Beacon Journal: Turning Waste Into Wealth for Ohio
A couple days removed from the Columbus Dispatch story on the regulated use of injection wells in Ohio, the Akron Beacon Journal follows up on the issue today, with reporter Bob Downing providing lots of good facts and figures – and also a great profile of a few local folks who continue to benefit from the safe disposition of wastewater deep underground.
In doing so, Downing touches on one of the big differences between Ohio and Pennsylvania, where landowners last year collected more than $1.8 billion in rents and royalties alone as a result of Marcellus development. But that $1.8 billion came only from wells that produce natural gas. Here in Ohio, not only will royalties come in the form of energy production at the beginning of the process, but for some folks, they’ll also be generated at the end when it comes time to dispose of the water.
The Beacon Journal tracks the story of one gentleman who’s been collecting rents for years – Roger Root of Trumbell County. According to the Mr. Root: We didn’t have Christmas for a couple of years, but the payments made sure that the taxes were paid and that we didn’t lose the farm. It helped save our farm. It saved us.” And all this, remember, from a well that isn’t even producing oil or natural gas.
Of course, for everything the paper gets right in its piece today, it somehow forgets to mention in its nearly 1,800-word piece that injection wells aren’t just regulated ODNR – they’re regulated federally by EPA as well. As we wrote last week in our rebuttal to the Dispatch series, injection wells have been used in the United States since the 1930s – not just by oil and natural gas producers, but by manufacturers, mining folks, chemical companies, and just about every other industrial entity you can imagine.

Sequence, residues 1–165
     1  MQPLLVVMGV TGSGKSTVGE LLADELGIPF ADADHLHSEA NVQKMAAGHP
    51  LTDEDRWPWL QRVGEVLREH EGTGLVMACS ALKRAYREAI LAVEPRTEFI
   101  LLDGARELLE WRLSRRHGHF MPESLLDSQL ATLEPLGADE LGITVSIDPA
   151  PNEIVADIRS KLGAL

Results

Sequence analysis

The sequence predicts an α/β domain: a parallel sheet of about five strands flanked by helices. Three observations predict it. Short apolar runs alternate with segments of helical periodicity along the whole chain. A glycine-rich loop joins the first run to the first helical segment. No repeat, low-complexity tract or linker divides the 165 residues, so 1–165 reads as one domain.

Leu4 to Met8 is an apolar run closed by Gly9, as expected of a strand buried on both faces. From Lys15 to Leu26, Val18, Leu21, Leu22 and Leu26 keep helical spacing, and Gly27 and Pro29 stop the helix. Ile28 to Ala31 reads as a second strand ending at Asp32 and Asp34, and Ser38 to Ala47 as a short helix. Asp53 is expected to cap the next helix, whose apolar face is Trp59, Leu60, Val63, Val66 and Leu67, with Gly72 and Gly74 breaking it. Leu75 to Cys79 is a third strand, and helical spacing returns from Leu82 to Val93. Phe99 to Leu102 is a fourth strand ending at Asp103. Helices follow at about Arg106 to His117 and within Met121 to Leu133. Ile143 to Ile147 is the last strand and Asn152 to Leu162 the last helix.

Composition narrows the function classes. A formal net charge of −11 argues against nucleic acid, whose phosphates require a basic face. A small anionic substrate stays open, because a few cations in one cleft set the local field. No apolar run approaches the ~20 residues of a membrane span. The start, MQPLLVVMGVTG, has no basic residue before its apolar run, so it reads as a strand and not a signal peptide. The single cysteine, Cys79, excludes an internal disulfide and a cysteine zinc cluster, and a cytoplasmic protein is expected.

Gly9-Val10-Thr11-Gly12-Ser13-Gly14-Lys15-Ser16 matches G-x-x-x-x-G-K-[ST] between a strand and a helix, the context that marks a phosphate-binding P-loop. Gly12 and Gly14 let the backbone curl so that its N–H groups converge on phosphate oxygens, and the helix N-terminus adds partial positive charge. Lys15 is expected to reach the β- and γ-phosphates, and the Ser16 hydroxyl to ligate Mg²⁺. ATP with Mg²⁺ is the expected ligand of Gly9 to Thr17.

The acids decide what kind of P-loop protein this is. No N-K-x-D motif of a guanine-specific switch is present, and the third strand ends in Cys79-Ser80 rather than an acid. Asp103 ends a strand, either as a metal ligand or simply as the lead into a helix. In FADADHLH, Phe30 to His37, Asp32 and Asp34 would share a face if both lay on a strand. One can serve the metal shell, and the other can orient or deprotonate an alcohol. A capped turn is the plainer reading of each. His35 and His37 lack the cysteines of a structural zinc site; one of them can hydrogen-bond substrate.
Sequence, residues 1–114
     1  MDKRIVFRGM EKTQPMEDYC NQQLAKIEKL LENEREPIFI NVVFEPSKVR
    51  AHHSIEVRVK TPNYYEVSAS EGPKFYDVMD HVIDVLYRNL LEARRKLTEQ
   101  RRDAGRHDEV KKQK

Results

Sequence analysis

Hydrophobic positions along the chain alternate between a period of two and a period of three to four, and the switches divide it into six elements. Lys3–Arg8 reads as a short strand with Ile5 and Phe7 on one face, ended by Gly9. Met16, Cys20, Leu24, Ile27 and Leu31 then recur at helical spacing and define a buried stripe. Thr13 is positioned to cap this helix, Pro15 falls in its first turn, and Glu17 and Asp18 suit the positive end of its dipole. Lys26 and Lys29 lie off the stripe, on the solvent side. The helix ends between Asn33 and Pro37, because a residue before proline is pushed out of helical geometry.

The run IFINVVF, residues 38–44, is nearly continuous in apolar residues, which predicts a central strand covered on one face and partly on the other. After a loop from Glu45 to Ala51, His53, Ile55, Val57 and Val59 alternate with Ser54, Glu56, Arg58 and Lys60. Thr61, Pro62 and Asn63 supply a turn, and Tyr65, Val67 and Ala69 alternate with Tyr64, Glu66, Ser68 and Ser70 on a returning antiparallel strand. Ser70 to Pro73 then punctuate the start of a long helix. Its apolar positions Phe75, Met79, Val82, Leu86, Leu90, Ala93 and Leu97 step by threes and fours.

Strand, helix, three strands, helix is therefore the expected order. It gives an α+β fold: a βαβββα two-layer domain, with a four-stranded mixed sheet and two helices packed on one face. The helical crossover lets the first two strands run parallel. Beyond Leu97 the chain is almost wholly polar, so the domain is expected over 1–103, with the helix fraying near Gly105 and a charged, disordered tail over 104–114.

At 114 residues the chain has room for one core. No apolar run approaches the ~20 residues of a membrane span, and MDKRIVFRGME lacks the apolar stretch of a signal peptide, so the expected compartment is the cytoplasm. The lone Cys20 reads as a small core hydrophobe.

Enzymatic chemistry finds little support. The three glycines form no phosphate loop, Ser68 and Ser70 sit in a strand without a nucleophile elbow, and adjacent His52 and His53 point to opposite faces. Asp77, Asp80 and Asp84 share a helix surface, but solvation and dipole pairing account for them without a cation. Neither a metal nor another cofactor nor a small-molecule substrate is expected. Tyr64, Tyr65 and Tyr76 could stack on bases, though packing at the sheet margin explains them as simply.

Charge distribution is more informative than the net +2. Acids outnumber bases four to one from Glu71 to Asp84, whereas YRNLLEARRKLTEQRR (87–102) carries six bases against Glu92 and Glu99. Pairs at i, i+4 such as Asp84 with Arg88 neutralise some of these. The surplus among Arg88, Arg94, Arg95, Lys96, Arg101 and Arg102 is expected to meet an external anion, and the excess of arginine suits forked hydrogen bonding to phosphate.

But no one in Ohio has really heard of injection wells ‘til now, have they? And there’s a pretty good reason for that. According to ODNR: “We have not had any subsurface contamination of groundwater since we took over the program in 1983.” According to EPA, there are more than 144,000 wastewater injection wells in operation today in the United States – with those wells capturing and permanently storing more than two billion barrels of brine each and every day.
Compare that to Ohio: 181 wells, 168 million gallons over a four year span. Not exactly the “flood of wastewater” described by the Dispatch last week, is it? Heck, we’re barely even a rounding error.
Of course, what may be a “rounding error” from a national perspective is much more significant than for more than a few Ohio residents directly benefiting from the work. You see, not only are benefits accruing to Roger Root, but local Ohio businesses are also taking advantage – especially the ones who haul that water around.
The Beacon Journal mentions one such person: Ray Pander of Palmyra Township. According to his website, Ray hauls water at $74 an hour – and collects an additional $1 for every gallon of brine he disposes of. Currently, Ray’s trucking company employs 30 people and features a fleet of 22 trucks. But with the Utica Shale coming online, no one should be surprised when ol’ Ray hangs the “Help Wanted” outside his office in Newton Falls.